Community college leaders across Florida are blasting Governor Rick Scott with emails urging him to veto a budget which they say unfairly cuts funding from them, while boosting funding for state universities.
St. Petersburg College leaders are worried about the $30.2 million dollar reduction in funding for the Florida College System for 2017-18. The college, which has several campuses throughout Pinellas County, will lose approximately $1.8 million in funding if Governor Scott approves the budget.While the Legislature is cutting $30.2 million from the state community colleges, state leaders are investing an additional $232 million into state universities. State leaders, including Senate President Joe Negron
says the budget aims to make Florida’s 12 public universities “elite” destinations.That doesn’t sit well with Florida’s 28 state colleges who serve students who are most in need and argue they help local communities including Tampa Bay. “We are for increased university funding, but we can’t help but wonder why we’re seeing a decrease in funding at the same time,” explained SPC’s
President Bill Law.Law says the cuts will drastically impact SPC’s
number of courses they can offer. This could make it harder for their adult students, who often work full or part time, to fit classes into their busy schedules.He also said it will impact support students receive
outside the classroom, including advising and tutoring for the students who need the most assistance. It will also mean cuts to programs that help community college students with job placement services.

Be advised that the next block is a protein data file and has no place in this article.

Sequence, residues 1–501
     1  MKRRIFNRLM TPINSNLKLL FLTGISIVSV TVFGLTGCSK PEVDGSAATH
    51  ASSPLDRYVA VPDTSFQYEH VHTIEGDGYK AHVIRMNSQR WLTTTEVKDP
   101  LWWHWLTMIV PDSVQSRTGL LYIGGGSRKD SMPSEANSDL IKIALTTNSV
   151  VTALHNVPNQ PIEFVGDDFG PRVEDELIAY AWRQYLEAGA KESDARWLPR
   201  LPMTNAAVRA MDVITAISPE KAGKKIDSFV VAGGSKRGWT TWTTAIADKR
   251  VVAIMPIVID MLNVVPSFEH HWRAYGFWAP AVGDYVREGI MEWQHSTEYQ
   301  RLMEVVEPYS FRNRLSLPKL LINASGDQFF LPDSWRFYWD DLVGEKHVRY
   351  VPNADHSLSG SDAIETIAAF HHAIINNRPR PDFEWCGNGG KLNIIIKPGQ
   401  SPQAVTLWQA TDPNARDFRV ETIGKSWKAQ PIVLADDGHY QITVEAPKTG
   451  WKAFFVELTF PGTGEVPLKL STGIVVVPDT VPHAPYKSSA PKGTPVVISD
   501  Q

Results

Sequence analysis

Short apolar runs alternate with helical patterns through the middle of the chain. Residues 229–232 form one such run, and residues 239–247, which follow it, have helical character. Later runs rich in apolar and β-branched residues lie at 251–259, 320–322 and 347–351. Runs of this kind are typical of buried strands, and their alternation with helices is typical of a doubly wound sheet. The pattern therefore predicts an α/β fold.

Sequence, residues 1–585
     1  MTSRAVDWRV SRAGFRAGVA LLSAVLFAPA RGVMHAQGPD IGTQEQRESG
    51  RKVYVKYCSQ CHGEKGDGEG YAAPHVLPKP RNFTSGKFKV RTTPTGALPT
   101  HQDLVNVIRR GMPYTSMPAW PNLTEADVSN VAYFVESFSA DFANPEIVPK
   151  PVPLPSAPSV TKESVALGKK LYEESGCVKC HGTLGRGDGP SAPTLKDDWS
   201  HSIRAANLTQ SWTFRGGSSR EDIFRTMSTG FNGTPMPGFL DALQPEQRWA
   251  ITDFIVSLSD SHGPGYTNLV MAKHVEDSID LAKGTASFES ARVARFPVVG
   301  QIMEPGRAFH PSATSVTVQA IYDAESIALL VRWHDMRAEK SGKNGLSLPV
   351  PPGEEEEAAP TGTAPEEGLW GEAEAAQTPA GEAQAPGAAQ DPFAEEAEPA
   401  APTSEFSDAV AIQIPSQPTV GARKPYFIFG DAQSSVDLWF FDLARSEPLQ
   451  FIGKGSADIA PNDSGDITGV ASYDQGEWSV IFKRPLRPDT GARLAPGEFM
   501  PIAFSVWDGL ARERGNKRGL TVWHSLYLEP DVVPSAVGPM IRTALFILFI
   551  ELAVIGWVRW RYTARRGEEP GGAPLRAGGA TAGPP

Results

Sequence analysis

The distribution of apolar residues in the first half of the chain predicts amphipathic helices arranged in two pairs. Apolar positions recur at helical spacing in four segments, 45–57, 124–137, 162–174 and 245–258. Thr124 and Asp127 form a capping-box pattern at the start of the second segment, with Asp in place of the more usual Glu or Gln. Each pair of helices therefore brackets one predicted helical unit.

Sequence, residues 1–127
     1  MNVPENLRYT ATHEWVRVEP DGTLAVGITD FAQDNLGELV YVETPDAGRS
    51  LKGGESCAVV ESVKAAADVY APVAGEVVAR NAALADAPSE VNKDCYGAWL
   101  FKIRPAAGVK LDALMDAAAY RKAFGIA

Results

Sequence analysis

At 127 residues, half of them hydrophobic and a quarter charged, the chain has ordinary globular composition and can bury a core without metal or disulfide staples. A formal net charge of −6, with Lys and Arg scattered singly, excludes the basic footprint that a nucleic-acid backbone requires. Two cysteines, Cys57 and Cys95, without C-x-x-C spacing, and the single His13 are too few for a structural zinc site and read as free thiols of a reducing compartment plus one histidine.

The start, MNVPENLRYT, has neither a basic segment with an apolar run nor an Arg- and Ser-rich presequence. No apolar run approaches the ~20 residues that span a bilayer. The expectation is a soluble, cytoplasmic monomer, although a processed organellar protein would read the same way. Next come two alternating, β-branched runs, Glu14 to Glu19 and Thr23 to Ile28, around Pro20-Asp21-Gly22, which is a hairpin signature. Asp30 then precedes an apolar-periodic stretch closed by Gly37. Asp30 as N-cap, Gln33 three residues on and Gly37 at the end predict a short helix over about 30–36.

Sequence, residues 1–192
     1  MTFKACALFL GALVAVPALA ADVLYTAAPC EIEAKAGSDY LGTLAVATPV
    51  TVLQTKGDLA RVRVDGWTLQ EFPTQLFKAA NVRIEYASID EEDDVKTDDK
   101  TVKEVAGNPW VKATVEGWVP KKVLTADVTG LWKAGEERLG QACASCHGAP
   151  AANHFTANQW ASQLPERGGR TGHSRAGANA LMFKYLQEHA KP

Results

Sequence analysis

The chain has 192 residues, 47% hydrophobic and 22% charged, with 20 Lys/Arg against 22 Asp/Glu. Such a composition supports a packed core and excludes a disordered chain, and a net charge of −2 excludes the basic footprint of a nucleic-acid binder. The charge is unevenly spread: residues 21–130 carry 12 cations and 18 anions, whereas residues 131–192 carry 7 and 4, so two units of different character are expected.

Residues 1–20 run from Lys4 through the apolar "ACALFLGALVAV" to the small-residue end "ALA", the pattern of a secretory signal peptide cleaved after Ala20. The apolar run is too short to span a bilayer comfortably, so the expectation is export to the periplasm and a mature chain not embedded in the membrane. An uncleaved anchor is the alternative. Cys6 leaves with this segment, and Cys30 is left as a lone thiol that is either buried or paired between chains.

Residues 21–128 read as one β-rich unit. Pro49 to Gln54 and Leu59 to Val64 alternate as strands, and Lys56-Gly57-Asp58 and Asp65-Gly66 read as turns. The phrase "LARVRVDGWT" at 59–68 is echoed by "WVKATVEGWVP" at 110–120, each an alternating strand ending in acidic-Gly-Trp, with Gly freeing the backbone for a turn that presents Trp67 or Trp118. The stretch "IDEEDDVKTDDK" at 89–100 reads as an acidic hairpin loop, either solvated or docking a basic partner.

“The negative impact on students ultimately hurts the community as a whole,” Law added. Ninety percent of community college graduates are employed or continuing their education within one year of graduating, he explained.
SPC and other state colleges are already facing reduced budgets due to declining enrollments, which they say makes this the worst possible time for the Legislature to reduce funding.
Gov. Scott has the power to veto the budget items affecting community colleges and send it back to the Legislature. Community college leaders across the state are begging the governor to reconsider.Bill Galvano, a top Senate Republican who helped craft the 2017-18 higher education budget, said there’s a longer term plan to help the colleges, and the reduction in funding shouldn’t be seen as a hit to the state’s community college system.